Furthering Social Justice through Experiential Learning
Santa Clara Law provides a number of experiential learning opportunities for its students, which allow students to gain invaluable practical legal skills. They also have the added benefit of allowing students to participate actively in social justice. Our experiential learning offerings include the law school’s in-house clinics, as well as some of our externship placements, both in the United States and internationally.
Santa Clara’s law clinics are actual law offices that serve under-represented individuals. In the clinics, law students represent clients in ongoing cases under the supervision of a clinical professor. The students provide invaluable, life-changing service to clients who otherwise could not obtain counsel. At the same time, the clinics give our students an invaluable opportunity to put their legal training to work and to gain critical lawyering skills in interviewing, counseling, preparation of case documents, and court appearances. Many students say that their clinical work was the most meaningful part of their law-school experience and that it changed forever the way that they thought about and approach the law. Santa Clara Law is extremely proud of our students’ contribution to the community and to their clients through their clinic work.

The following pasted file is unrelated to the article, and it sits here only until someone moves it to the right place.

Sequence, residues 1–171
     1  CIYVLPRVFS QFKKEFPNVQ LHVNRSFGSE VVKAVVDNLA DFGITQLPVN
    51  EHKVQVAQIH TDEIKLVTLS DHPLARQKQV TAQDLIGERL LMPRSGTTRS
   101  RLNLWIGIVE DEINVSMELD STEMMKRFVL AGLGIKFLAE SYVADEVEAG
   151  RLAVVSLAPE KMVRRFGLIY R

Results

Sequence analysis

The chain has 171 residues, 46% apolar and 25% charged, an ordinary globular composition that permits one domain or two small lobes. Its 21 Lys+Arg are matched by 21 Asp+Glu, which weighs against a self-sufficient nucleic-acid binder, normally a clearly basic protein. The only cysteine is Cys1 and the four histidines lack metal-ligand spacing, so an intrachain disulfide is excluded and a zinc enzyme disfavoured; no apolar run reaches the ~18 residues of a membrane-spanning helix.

The work our students do in the clinics includes:
- Obtaining exonerations for wrongfully convicted individuals and promoting a just and compassionate criminal justice system, through the Northern California Innocence Project.
- Representing individuals seeking review of removal orders before the U.S. Court of Appeals for the Ninth Circuit, in the Immigration Appellate Practice Clinic.